Inhalant allergies can also be treated through immunosuppressive drugs. The treatments target the immune cells, to reduce hypersensitivity. This option should also be viewed as preventative medicine as it can take up to a month to become effective.

Finally, Inhalant allergies can also be treated through desensitization. Antigen injections or allergy shots can be used once the allergen has been identified through blood tests or intradermal skin testing. This treatment aims to reprogram your cat’s immune response, decreasing his sensitivity to the allergen. Unfortunately, while desensitization is a great option for many cat parents, it can take up to a year for allergy shots to become effective.


Believe it or not, when a cat suffers an allergic response to a food, it’s likely to have been from a protein source. Beef, pork, chicken, and turkey are common ingredients; allergies may stem from this meat or from the proteins in the corn, wheat, or preservatives, also found in their meals.

Some food allergies may cause skin or respiratory reactions, however, it’s more likely that your cat will experience digestive issues from his food allergen. Often, the best way to confirm a food allergy is through an elimination or hypoallergenic diet. It usually takes at least five months to complete a proper diet, because all current and previous food products need to be eliminated from the body. Then, you need to introduce food products that your cat has never had before such as rabbit or venison. The cat needs to be on this special diet for three months before confirming a positive response and determining a course of action.


It’s actually very uncommon for cats to experience a contact allergy. However, if you notice skin irritation, especially if it’s localized, and have not introduced new foods, then it’s worth consideration. Shampoos, flea collars, or certain bedding are the likely culprits if it turns out to be a contact allergen. While solving the problem is easy (you simply have to remove or stop using the item) determining what is causing the reaction is difficult.

Do Aging Pets Need Supplements?

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We all want the best for our pet’s health and overall well-being, but it’s difficult to know where to start. Many of us take supplements for our own health, but it’s not as simple as giving your pet a multi-vitamin every day. It’s important to discover what your pet needs and doesn’t need to maintain a well-balanced life.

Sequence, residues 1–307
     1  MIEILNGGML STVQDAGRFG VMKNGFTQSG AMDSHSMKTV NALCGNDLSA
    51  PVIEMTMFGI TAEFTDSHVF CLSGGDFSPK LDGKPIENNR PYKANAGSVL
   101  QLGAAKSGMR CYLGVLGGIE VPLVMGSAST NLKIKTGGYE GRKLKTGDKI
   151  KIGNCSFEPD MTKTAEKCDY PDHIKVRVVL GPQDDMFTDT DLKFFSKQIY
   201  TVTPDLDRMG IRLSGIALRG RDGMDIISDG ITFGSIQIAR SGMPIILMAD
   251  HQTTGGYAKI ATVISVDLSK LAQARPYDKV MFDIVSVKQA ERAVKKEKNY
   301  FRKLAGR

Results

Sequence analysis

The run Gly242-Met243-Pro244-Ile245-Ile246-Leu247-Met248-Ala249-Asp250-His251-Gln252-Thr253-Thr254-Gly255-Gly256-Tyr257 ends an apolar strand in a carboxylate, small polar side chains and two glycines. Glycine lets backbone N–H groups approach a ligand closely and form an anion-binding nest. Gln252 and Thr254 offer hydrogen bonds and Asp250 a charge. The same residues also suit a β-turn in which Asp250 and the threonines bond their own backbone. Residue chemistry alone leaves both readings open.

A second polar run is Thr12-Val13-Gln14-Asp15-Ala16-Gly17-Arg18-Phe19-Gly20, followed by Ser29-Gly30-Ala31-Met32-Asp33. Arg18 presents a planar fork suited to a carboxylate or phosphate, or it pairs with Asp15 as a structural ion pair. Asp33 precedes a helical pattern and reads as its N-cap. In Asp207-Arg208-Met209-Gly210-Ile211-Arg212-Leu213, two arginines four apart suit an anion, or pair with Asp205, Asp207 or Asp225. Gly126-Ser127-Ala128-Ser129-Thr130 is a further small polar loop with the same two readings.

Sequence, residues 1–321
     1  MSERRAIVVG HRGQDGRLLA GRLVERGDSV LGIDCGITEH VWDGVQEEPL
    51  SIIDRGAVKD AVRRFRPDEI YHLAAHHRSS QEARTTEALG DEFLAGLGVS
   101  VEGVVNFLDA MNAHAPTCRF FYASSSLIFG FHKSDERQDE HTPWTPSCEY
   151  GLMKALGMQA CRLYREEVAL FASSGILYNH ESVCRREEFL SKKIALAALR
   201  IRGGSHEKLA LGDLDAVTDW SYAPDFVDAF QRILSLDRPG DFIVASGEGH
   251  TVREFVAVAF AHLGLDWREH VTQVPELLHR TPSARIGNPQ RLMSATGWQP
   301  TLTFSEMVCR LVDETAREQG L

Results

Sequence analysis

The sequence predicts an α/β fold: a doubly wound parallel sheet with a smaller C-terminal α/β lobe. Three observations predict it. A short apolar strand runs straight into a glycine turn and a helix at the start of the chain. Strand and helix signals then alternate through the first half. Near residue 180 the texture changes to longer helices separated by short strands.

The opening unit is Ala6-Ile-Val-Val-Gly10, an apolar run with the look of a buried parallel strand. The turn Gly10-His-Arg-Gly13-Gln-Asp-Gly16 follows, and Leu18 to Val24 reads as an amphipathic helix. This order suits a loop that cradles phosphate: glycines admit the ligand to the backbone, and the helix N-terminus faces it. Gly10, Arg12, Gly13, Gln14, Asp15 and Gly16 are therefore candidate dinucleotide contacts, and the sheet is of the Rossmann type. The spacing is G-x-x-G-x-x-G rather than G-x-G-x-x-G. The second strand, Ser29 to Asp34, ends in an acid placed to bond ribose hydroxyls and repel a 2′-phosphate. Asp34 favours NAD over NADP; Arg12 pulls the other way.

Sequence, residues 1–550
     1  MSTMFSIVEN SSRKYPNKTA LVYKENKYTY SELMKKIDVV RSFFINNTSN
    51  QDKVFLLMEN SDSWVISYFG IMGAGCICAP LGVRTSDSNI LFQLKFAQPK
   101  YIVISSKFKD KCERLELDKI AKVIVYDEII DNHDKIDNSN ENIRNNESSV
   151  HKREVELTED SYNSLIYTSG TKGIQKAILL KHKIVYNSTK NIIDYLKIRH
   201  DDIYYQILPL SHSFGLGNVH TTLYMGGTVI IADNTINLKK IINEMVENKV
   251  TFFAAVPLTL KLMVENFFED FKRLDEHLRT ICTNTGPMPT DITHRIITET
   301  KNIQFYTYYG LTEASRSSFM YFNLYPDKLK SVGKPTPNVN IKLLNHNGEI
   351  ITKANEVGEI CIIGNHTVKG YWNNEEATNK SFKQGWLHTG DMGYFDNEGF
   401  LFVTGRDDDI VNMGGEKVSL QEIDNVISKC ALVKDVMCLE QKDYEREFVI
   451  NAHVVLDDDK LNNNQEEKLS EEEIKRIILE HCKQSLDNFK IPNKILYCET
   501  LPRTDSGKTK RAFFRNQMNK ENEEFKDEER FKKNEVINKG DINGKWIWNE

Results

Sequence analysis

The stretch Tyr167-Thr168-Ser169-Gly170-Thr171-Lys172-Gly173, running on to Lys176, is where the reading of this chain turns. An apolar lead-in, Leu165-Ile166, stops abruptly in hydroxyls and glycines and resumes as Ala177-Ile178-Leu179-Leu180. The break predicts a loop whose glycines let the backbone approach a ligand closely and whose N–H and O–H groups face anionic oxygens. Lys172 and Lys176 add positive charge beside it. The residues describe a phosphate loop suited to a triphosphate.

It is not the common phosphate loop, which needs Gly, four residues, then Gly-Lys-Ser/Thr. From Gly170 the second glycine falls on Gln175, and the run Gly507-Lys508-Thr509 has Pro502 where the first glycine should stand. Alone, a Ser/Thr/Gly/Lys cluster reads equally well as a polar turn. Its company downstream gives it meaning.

This article will focus on supplements for aging cats and dogs and how to ensure they have enough, without overdoing it.


Supplements are concentrated ingredients that are added to a diet for nutritional or medicinal purposes. Ingredients such as amino acids, vitamins, botanicals, minerals, herbs, and enzymes are examples of supplements.

We find there’s a fair amount of misunderstanding around food additive terminology, and phrases are occasionally used interchangeably. To ensure clarity we’d like to offer the following terminology:

  • Dietary supplements/nutrients are substances added to food to ensure it’s nutritionally complete.
  • Therapeutic supplements/nutraceuticals are foods taken orally, providing a health benefit or disease prevention. To meet the therapeutic effect, these ingredients are taken in a larger dose than the daily requirement of that particular ingredient.


Aging typically causes degenerative changes that occur in many organ systems after maturity. This results in a decline in the organ’s ability to meet the challenges of its environment. The musculoskeletal system (muscles and bones), skin, heart, lungs, gastrointestinal tract (including the teeth), kidneys, liver, neurological system, and specialized sense organs are all affected by degenerative disorders (especially hearing and sight). In geriatric dogs and cats, complaints stemming from deterioration of the liver, musculoskeletal system, kidneys, eyes, and nervous system are particularly common.